The Northern Powerhouse is nothing new. When in 2014, the then-Chancellor, George Osbourne first talked about a promised level of investment that would ‘bring about an economic force rivalling London and the South East’, in respect of transport, science and innovation, it seemed like the blue-print for success business leaders had been waiting for. Until now however, with limited movement on the major projects, this has felt a little utopian.
So, the Chancellor’s confirmation this week of a £400m cash boost for the project, investing in significant
infrastructure improvements, is a welcome development in firing the engines of this agenda, helping to put the Northern Powerhouse firmly back in the political spotlight.
From the outside looking in, it’s easy to see why the South still visibly dominates our economic balance, but this balance is shifting, and rapidly.
With a GDP of over £350bn, if the Northern Powerhouse was a country, it would be the 10th biggest economy in Europe1. With proven global excellence in a raft of specialisms, from manufacturing, chemicals and aerospace to automotive, digital and financial services, the North is now named as the top investment destination in Europe.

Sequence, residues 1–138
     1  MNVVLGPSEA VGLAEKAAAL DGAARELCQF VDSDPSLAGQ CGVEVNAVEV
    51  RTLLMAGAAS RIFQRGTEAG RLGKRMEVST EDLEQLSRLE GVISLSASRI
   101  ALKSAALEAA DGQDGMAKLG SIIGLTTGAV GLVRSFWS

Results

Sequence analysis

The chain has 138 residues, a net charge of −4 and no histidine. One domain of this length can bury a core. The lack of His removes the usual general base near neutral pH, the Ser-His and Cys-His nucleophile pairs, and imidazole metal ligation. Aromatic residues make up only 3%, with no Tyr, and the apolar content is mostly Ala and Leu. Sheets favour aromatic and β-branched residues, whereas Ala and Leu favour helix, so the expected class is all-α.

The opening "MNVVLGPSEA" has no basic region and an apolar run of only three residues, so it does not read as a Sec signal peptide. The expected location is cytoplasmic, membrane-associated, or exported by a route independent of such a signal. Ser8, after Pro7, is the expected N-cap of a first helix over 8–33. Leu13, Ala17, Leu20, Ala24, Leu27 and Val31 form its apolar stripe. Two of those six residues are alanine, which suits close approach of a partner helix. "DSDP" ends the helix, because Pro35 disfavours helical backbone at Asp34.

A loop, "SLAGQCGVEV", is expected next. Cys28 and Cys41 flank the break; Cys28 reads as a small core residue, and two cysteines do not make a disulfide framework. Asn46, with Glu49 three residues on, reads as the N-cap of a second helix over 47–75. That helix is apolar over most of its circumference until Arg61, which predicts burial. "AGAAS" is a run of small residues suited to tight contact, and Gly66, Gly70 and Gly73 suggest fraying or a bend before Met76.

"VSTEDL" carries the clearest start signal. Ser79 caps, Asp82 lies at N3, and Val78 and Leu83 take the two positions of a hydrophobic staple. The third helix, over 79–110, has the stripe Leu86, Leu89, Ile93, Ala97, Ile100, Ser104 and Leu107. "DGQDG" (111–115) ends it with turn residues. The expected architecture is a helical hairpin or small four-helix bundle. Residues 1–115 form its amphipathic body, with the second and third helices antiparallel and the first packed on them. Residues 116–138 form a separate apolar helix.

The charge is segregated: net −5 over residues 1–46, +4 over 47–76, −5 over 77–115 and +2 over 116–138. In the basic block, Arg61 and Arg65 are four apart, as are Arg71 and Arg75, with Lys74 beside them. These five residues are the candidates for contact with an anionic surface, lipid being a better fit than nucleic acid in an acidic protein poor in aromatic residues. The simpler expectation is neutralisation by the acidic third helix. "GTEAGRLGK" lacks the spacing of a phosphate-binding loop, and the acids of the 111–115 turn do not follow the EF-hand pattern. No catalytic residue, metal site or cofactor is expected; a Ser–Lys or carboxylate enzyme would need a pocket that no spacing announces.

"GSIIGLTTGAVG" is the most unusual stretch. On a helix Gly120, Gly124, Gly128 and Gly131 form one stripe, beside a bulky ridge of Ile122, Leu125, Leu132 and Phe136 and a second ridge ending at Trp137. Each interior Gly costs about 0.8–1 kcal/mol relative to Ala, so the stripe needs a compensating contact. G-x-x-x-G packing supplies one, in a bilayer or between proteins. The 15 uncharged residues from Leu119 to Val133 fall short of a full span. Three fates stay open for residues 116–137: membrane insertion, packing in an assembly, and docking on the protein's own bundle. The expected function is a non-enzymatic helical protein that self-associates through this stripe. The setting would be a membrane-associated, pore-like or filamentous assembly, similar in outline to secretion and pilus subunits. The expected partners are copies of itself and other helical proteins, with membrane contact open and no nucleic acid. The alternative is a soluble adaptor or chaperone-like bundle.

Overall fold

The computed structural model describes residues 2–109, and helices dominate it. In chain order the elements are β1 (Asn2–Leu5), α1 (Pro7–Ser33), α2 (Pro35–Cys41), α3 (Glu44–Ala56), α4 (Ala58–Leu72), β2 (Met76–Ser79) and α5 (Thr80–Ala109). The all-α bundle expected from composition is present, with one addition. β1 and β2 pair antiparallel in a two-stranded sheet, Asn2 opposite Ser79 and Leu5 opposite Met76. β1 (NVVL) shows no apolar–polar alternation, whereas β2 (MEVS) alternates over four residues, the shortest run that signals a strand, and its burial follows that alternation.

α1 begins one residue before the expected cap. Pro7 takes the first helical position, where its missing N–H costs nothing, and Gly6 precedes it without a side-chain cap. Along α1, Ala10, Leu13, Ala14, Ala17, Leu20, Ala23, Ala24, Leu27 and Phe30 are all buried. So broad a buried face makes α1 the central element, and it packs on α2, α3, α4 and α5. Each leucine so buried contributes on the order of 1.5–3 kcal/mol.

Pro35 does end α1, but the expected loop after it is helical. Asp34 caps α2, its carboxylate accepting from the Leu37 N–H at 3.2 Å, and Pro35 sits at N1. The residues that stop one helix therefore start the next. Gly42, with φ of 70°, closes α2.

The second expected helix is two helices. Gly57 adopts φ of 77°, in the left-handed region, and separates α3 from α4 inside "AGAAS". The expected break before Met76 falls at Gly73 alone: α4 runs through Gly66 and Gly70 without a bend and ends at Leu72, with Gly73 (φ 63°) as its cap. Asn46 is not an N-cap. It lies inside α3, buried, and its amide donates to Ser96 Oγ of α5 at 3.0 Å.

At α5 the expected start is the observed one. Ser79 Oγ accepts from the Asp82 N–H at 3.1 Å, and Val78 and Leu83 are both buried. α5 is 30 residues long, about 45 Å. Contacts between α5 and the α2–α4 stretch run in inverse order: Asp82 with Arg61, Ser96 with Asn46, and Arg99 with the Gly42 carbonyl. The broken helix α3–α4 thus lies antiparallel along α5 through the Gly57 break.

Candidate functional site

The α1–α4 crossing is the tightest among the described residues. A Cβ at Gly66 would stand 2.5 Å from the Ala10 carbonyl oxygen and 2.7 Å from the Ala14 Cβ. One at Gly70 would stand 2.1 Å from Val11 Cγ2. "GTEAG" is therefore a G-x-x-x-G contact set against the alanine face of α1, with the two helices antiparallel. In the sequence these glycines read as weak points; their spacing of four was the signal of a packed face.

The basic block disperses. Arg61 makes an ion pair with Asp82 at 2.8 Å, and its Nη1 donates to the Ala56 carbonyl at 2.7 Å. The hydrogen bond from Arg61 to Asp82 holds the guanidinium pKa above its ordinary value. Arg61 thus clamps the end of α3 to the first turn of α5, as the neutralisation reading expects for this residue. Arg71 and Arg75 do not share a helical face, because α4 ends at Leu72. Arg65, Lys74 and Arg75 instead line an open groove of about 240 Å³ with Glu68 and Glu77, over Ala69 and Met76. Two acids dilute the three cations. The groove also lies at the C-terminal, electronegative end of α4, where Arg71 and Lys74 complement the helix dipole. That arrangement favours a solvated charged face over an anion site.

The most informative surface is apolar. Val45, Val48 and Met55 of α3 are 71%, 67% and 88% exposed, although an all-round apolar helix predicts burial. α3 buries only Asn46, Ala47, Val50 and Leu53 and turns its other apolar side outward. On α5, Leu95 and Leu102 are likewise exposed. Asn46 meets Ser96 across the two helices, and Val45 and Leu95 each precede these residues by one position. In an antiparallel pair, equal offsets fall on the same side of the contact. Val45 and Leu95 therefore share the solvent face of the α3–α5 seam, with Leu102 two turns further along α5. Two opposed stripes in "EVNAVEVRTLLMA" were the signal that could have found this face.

Export continues to thrive, thanks to the close proximity of 9 international airports and 12 major foreign trading ports, so it’s easy to see why so many entrepreneurs are attracted to the region, with over 65,000 new starts recorded in 2014 alone.
The Centre for Entrepreneurs (CFE)2 indicates that in 2015, Manchester and Warrington were among the top performing northern regions for new business. But, it’s not just desirable to SMEs, with a great number of big, global business names also leveraging the many benefits that the North has to offer.
With a successful business headquartered in a core powerhouse region, it feels like an exciting time. And contrary to belief, it’s really not grim up-North.